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February 01, 2023.

The General Assembly of the United Nations adopted the United Nations Convention on the International Effects of Judicial Sales of Ships


On 7th December 2022 the General Assembly of the United Nations adopted the United Nations Convention on the International Effects of Judicial Sales of Ships.

The signing ceremony will take place at the earliest convenience this year in Beijing. In that sense, the Convention has been already better known as the Beijing Convention on Judicial sales.

Upon its entry into force, the Beijing Convention is expected to have a great practical significance.

The Comité Maritime International (CMI) was among firsts to realize the compelling need for creating international legal instrument of this kind. The CMI’s project was presented to the United Nations Commission on International Trade Law (UNCITRAL) in July 2017. After few years of hard work which gathered world-known names from maritime law, the UNCITAL came up with the Convention draft which has been just adopted by the UN.

The purpose of the Convention is to unify the rules on recognition of effects of judicial sale of ships worldwide. It is known that courts in many countries have authority to conduct ship sale to satisfy the claim against the ship or the shipowner, usually within the procedure of enforcement of ship mortgage or maritime lien. In most jurisdictions, the judicial sale of ship has the legal effect of conferring “clean title” on the purchaser, i.e. it extinguishes all rights and interests that were previously attached to the ship, including mortgages and maritime liens. However, the legal effects of foreign judicial sales vary from state to state and there are even examples of jurisdictions which do not recognize legal effects of judicial sale conducted in another state.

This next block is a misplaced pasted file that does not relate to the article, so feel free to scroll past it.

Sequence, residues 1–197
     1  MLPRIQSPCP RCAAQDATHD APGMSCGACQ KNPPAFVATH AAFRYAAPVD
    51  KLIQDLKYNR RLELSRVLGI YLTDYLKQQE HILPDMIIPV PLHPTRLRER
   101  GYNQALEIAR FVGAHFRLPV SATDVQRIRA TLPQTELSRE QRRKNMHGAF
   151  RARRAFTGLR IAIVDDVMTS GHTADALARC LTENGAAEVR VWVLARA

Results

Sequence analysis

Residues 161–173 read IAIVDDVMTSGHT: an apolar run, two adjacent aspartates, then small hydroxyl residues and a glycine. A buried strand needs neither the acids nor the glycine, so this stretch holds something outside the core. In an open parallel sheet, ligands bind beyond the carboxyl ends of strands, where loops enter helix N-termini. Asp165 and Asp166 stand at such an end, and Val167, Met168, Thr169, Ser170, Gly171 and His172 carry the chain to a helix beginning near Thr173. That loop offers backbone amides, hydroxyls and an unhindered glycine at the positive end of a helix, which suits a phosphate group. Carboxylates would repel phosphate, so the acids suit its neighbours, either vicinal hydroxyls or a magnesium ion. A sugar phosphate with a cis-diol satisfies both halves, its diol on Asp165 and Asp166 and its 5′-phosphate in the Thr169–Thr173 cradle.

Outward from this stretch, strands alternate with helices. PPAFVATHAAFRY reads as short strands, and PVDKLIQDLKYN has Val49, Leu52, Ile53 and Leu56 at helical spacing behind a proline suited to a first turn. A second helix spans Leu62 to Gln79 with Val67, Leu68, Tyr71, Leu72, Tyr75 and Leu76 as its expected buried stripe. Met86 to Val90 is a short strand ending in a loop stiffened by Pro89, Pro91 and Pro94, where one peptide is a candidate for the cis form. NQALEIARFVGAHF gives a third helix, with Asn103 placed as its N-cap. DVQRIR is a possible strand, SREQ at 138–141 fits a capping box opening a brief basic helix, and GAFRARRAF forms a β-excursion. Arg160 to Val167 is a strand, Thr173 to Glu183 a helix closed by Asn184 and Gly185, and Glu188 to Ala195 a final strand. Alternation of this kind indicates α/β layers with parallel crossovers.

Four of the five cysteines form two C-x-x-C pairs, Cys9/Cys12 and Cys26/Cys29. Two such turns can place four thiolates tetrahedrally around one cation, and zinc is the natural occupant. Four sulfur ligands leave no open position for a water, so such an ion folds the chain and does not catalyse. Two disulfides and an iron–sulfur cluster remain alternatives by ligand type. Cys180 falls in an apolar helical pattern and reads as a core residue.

Basic idea behind the Convention is that judicial sale conducted in one State Party which has the effect of conferring clean title on the purchaser has the same effect in every other State Party, subject only to a public policy exception. The Convention will apply to the judicial sale of a ship if (a) the judicial sale is conducted in a State Party and (b) the ship was physically within the territory of the State of judicial sale at the time of the sale.

The Convention is concerned with effects of judicial sales and thus not with the rules on judicial sale of ships (which are left in domain of national law) or effects of judgments in respect of such sales.

Apart from the above, the Convention prescribes additional rules for giving effect to the judicial sale:

  1. requirement that the ship registry deregisters the ship or transfers registration at the request of the purchaser;
  2. prohibition on arresting the ship for a claim arising from a pre-existing right or interest and
  3. conferral of exclusive jurisdiction on the courts of the State of judicial sale to hear a challenge to the judicial sale.

The Convention also provides practical mechanisms for protection of rights of parties with interest in the ship through issuance of two instruments – a notice of judicial sale and a certificate of judicial sale. It also establishes an online register of those instruments which is freely accessible to any interested person or entity whilst the International Maritime Organization (IMO) will act as the repository of such notices and certificates.

In contrast to the laws on the arrest of ships, so far the laws on the judicial sale of ships had not gone through an extensive harmonisation process. Some jurisdictions seem to have enacted more favourable laws than others, which often causes lenders to direct the financed ship to a ‘friendly’ jurisdiction or to wait until the ship calls at a port in such a jurisdiction. The mobility of the ship and the differences between jurisdictions causes litigants to actively engage in ‘forum shopping’ with the goal of obtaining a quick and adequate recovery of any invested money and at the same time creating a free and unencumbered title over the sold ship. That being said, The Beijing Convention on Judicial sales provides perspective and modern legal mechanisms for international unification of maritime law. If embraced by the maritime community at least as the Arrest Convention, the Beijing Convention will provide much better legal protection of the parties acquiring the ownership on ships through judicial sale.

As a country which became an emerging superyacht destination with a tendency of promoting the national yacht and ships registry, Montenegro should favorably consider ratifying the Beijing Convention which could form a basis for reform and improvement of national laws on this topic.